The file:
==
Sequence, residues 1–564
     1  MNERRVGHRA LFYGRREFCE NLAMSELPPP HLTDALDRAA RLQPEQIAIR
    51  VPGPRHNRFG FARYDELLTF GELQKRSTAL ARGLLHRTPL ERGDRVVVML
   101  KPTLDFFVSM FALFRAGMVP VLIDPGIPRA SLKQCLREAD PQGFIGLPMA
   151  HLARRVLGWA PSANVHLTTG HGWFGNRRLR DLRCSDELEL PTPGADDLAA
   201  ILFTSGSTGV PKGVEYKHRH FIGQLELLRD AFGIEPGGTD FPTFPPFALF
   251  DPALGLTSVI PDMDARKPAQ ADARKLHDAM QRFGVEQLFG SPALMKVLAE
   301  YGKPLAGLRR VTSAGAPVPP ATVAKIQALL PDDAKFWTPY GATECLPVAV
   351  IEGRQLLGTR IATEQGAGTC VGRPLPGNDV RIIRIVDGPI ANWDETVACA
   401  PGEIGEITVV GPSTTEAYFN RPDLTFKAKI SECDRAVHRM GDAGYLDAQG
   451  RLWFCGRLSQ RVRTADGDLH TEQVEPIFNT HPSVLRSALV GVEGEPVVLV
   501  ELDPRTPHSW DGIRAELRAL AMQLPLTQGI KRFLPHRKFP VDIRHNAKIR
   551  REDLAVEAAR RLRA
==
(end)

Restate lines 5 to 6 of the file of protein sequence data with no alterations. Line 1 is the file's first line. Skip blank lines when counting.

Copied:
   151  HLARRVLGWA PSANVHLTTG HGWFGNRRLR DLRCSDELEL PTPGADDLAA
   201  ILFTSGSTGV PKGVEYKHRH FIGQLELLRD AFGIEPGGTD FPTFPPFALF